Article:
On the program of the symposium, a first round table concerns the rise in second homes and the resulting increase in land and real estate prices. Guests come from Brittany, the Hautes-Alpes of the Basque Country or Corsica. "Difficulties are increasing everywhere in the territory, especially for resident populations. This reinforces social and territorial inequalities. This is very true in Corsica but it is developing almost everywhere", insists Julien Paolini, guest of this round table, adviser Executive of Corsica and President of the Agency for Town Planning and Energy of Corsica.
Anne Barrioz is a researcher in geography, her thesis focuses on people who settle, in the long term, in the high alpine valleys. She will also be invited to the colloquium. We asked him why people choose to buy a second home. “We saw it with the Covid-19 crisis, the people who bought want nature, she says. This is what is called leisure migration, especially related to leisure. We leave the city that we find more difficult to live in on a daily basis." The researcher also cites financial investors as another example. These are either people who invest in a pied-à-terre in rural areas, or people encouraged by tax measures such as the Censi-Bouvard law. This regulation offers tax reductions for taxpayers who invest in certain structures in order to rent them furnished for nine years. As a result, prices are rising and local residents sometimes struggle to find housing.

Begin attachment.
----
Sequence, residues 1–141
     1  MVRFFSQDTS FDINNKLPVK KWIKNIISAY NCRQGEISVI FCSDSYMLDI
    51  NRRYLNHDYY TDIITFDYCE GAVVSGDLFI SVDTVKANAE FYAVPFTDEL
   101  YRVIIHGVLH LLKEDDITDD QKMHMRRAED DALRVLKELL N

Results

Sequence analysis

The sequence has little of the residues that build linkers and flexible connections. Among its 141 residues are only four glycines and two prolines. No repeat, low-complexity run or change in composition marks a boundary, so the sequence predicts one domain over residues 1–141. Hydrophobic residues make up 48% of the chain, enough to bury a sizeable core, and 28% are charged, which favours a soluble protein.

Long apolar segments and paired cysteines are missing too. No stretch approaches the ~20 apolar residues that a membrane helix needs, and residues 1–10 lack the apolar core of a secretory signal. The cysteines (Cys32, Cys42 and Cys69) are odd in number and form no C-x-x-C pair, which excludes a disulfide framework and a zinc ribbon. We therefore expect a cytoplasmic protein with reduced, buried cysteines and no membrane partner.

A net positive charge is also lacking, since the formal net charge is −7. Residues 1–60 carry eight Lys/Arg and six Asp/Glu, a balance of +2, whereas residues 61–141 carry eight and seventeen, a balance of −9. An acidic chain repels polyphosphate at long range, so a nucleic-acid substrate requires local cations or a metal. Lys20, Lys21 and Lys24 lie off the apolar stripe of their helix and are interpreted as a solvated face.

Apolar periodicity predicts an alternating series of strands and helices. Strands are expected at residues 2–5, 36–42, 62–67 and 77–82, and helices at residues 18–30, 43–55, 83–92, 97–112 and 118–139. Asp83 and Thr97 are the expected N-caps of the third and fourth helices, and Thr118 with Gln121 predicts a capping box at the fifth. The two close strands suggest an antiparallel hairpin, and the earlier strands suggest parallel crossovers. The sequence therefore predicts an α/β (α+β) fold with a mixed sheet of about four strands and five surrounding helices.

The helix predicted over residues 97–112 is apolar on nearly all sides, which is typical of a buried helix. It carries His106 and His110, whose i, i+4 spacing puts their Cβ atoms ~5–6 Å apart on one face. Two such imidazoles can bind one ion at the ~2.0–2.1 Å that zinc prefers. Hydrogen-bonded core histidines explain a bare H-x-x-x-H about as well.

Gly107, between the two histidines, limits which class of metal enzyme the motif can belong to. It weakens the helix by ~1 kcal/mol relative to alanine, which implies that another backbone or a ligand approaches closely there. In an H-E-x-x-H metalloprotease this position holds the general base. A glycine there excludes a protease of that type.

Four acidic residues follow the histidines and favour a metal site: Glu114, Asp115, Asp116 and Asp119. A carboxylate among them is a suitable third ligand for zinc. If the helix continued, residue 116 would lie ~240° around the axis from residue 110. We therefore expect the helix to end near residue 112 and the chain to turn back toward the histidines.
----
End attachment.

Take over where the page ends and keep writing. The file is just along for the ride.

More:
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Significant income gaps
According to INSEE, it is precisely in the Alps that the income gap between year-round residents and owners of second homes is the highest.
But rising house prices are not the only problem. "When the share of second homes increases more and more, there are tensions between users. The objectives of life and of frequenting the territory are not the same. I think that it depends a lot on the territories and the personalities of each but these tensions can be significant, underlines Anne Barrioz. In terms of reception, we still think a lot today in France of the reception of tourists and owners of second homes. We have tourist offices but we do not have not many offices that welcome these inhabitants year-round or actions that are put in place by tourist municipalities to welcome them. Yet they are the ones who bring these tourist territories to life."